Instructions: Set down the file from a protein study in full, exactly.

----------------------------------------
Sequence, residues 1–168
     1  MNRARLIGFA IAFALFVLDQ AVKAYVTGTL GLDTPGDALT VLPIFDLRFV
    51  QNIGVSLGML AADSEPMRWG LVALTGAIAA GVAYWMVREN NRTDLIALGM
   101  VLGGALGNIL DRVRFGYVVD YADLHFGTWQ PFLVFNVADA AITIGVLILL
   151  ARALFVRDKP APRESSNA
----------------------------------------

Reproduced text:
Sequence, residues 1–168
     1  MNRARLIGFA IAFALFVLDQ AVKAYVTGTL GLDTPGDALT VLPIFDLRFV
    51  QNIGVSLGML AADSEPMRWG LVALTGAIAA GVAYWMVREN NRTDLIALGM
   101  VLGGALGNIL DRVRFGYVVD YADLHFGTWQ PFLVFNVADA AITIGVLILL
   151  ARALFVRDKP APRESSNA